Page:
The role of fructose 2,6-bisphosphate in the long-term control of phosphofructokinase in rat liver

Biochemical and Biophysical Research Communications
E Van Schaftingen, H G Hers


The phosphofructokinase stabilizing factor, believed to be a peptide of molecular weight 3,800 (Dunaway G.A. and Segal H.L., 1976, J. Biol. Chem. 251, 2323-2329), shares many chemical and biological properties with fructose 2,6-bisphosphate. It co-migrated with it upon gel filtration in the molecular weight range 300-400 or 3,000-4,000 depending upon the ionic strength of the solution. Fructose 2,6-bisphosphate is the most potent phosphofructokinase stabilizing agent present in the liver of a fed rat. Its disappearance during fasting and diabetes could account for the faster rate of degradation of phosphofructokinase reported to occur under these conditions. The effect of starvation to decrease by 60% the phosphofructokinase content of the liver is, however, for its greatest part, related to a non-specific decrease in liver mass.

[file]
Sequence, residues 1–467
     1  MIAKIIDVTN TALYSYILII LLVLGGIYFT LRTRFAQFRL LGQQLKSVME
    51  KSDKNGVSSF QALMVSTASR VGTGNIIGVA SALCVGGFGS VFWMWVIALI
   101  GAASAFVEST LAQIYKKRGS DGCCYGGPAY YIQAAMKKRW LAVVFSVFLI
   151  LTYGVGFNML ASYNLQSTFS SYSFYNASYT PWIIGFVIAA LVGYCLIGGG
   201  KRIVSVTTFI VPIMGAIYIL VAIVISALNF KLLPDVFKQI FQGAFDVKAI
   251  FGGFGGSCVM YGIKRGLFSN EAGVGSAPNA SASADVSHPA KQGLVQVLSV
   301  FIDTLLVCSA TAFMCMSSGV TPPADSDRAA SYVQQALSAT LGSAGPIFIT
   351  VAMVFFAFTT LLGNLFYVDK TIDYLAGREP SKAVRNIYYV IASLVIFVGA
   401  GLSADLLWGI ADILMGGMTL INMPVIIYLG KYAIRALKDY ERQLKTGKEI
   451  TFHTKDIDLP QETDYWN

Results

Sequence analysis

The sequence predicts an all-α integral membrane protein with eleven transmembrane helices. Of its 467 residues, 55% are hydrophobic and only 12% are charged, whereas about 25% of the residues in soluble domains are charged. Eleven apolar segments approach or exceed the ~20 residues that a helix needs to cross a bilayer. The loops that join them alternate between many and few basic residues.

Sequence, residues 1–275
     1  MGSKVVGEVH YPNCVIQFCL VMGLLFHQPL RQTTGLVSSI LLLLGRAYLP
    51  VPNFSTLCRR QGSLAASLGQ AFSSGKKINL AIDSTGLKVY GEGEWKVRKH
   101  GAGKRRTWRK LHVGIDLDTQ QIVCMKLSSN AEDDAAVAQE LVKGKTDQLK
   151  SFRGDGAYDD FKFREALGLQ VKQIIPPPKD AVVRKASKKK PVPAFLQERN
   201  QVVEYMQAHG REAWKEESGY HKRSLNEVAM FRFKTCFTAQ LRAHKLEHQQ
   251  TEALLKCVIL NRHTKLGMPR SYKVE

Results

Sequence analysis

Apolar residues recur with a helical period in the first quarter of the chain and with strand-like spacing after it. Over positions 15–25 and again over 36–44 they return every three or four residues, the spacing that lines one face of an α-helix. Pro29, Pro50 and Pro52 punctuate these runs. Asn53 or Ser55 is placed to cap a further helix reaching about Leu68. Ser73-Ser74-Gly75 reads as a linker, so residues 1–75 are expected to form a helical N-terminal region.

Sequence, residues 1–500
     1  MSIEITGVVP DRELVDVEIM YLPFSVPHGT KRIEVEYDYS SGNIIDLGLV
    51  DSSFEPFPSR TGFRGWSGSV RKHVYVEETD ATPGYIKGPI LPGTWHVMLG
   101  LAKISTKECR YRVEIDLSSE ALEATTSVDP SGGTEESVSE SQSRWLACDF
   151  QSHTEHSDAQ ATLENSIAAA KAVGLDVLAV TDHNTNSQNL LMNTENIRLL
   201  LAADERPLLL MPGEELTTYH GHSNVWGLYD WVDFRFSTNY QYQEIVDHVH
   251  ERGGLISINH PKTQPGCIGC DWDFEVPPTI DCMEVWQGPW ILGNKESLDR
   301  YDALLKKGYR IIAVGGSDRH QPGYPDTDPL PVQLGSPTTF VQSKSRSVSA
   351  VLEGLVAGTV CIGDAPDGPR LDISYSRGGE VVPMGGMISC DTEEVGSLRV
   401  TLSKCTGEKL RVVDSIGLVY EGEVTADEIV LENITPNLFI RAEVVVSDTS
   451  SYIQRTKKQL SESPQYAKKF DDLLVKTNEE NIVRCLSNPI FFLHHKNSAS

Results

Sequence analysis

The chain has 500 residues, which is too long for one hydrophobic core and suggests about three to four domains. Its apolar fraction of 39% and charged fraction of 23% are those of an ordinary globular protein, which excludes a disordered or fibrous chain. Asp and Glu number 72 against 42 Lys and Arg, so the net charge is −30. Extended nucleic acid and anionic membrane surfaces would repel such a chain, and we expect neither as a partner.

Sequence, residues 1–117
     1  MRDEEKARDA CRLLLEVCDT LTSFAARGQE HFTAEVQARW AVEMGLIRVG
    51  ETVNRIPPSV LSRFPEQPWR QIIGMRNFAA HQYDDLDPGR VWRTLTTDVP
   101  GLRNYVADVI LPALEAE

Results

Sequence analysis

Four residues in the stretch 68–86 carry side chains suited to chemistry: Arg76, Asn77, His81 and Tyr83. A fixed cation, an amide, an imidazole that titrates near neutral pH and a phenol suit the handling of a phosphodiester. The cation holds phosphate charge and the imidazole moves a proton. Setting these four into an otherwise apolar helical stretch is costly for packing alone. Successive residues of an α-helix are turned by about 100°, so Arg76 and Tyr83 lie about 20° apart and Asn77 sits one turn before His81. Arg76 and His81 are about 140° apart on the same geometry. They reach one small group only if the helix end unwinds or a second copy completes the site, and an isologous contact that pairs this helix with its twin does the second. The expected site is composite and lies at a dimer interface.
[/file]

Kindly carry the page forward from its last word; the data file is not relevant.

Feb 4, 1974·Biochemical and Biophysical Research Communications·G A Dunaway, H L Segal
Jun 1, 1974·Archives of Biochemistry and Biophysics·G A Dunaway, G Weber
May 1, 1981·Proceedings of the National Academy of Sciences of the United States of America·E Van Schaftingen, H G Hers
Jul 15, 1982·The Biochemical Journal·H G Hers, E Van Schaftingen
Oct 1, 1980·Proceedings of the National Academy of Sciences of the United States of America·E Furuya, K Uyeda
Aug 1, 1957·Experimental Cell Research·C ALLARDA CANTERO

Related Concepts

Fructose 2,6-diphosphate
August Rats
Gel Chromatography
Liver Mass

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